I didn’t get a chance to watch live, and five days later is a little far in the rearview mirror for traditional game coverage, but some observations from Saturday’s 3-3 draw against North Carolina FC…
I actually thought Nashville SC was the better team on the balance of play in the first half. One big mistake by Lebo Moloto (more on that later) compounded by poor defensive recovery and communication by the central defensive midfielders, and a probably-unnecessary physical tackle by Bradley Bourgeois (compounded by poor set piece defense, which has unfortunately been a theme since about mid-season) was all that NCFC could muster. Meanwhile, NSC didn’t get a ton of shots off, but they possessed the ball more in dangerous areas, and the shots that they did get off were more threatening than all but the two NCFC goals.
Of course, that’s a serious “other than that, Mrs. Lincoln, how was the play” type observation, and when it’s been a fairly consistent theme throughout the year, it’s probably not meaningful on the large scale. Nashville SC can look dangerous without scoring all they want, and opponents can get off as few shots as they want. It’s about conversion, and we see too much of that on one end, and not enough on the other.
Lebo Moloto was fairly poor in the first half. He had a few giveaways – including the key moment that led to the first Carolina goal – and didn’t seem to be precise with his passes. He even had a total mis-hit or two to fumble the ball out of bounds instead of giving his teammates a chance to get out on the break. All that is partially on account of how much NSC asks him to do (and they ask him to do a ton offensively), and sooner or later you’re going to have a bad-luck game where the mistakes all come at once, one of them leads to a goal, and it’s overall not a good look. That’s life, unfortunately.
The shape of the team in the first half (before and in the process of going down 2-0) was odd to me. It wasn’t “we look one way defending, and another way moving forward” so much as it felt like Nashville was stuck between a couple concepts. The backline had both principles of the odd (Liam Doyle was a little more central at times, Justin Davis didn’t push forward at all) and even (Doyle and Bourgeois stayed farthest back with wide spacing between them) backlines. Kosuke Kimura pushed very high, which is more a 3-5-2 concept, but both Davis and, oddly, Taylor Washington stayed fairly deep. That… shouldn’t have been the case in either concept, and while Washington did get forward just a bit, it felt like maybe he was still hampered from his usual sideline-running that you’d see as a LWB or LM by the injury that kept him out of the Richmond game… but he was more active in the second half, so probably not.
Given that I’ve just talked myself through thinking that it was a schematic choice, it was a weird one that made for a bad time in midfield. Kimura pushing upfield saw Matt LaGrassa at right mid squeeze inside, crowding Michael Reed and Bolu Akinyode in the middle (though Akinyode got a little more to the left side to make up for it… that also crowded that area with Davis and Washington also having the weird spacing issue described above). To play three central midfielders who are pretty similar in skillset, they have to have a greater distribution of roles, and LaGrassa wasn’t playing as a 10 so much. With the weird fluidity to the scheme, it’s almost tough to discern what the idea was with that trio. I do know I didn’t care for it.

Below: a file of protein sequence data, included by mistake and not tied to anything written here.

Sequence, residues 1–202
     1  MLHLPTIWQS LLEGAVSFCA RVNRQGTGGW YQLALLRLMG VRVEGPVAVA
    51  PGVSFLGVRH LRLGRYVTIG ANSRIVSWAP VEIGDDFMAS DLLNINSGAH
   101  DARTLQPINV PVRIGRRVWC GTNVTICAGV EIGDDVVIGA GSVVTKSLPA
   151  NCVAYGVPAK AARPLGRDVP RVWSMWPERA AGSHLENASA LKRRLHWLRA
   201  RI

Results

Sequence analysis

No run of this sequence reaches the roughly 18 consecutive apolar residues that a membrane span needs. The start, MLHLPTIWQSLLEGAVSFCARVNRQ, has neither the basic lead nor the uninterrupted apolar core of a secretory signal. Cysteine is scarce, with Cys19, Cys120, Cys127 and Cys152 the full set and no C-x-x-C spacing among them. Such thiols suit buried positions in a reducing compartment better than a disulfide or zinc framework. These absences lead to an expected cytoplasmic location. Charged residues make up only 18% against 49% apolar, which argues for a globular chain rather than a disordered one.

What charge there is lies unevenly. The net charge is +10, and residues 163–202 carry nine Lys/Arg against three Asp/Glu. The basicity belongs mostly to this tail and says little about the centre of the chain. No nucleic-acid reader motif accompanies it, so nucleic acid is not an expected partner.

I think I was a little harsh in the immediate aftermath of the game on Matt Pickens’s job on the free kick goal by NCFC. I still think he should have done better: the way he set up the wall was designed to bait NCFC into shooting the gap that they did, and he still had no chance with his reaction. As soon as the right-footed kicker (Rios) was the only available player to shoot, Pickens needs to have that post covered, because that’s the only way the ball gets through. Still, the keeper was planning on Kosuke Kimura and/or Taylor Washington deflecting anything bound for that direction (giving a bit more time to react to a shot on frame), so there’s a little more blame to share than I thought in immediate hindsight.
What is Tucker Hume doing mullet-wise?
I’ll have a bit more on this later today (maybe), but can the “hasn’t captured points from a losing position” now go away? It wasn’t particularly meaningful before – just a combination of “hasn’t been in many losing positions” and “doesn’t score a whole lot,” neither of which is particularly obscure – and now with two draws from losing positions on the year, hasn’t gone away but certainly isn’t even the “wow fun fact” variety of thing to point out.
With that, nice fight from the team (and of course a little luck) to fight back in this one. Getting a lone point isn’t the best result, but it was plenty to maintain playoff pace – and given the way the game played out, was the best available outcome. Going on the road in the USL is hard, and NC is an above-average home team. Take care of business in the final five home games (and the two road games against ATL UTD 2 and Richmond, which is almost as close to “get six points from two road games” as it gets in the USL), and this result doesn’t harm you.